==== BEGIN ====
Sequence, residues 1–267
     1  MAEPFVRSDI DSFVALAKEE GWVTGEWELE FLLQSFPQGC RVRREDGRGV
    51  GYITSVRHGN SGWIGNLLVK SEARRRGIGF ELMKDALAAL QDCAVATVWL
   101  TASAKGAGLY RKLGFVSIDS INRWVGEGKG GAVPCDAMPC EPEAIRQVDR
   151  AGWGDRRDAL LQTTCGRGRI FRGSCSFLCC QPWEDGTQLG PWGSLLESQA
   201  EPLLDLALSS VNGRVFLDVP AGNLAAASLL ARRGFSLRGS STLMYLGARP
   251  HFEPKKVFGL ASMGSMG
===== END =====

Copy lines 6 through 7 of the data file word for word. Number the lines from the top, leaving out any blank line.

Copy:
   201  EPLLDLALSS VNGRVFLDVP AGNLAAASLL ARRGFSLRGS STLMYLGARP
   251  HFEPKKVFGL ASMGSMG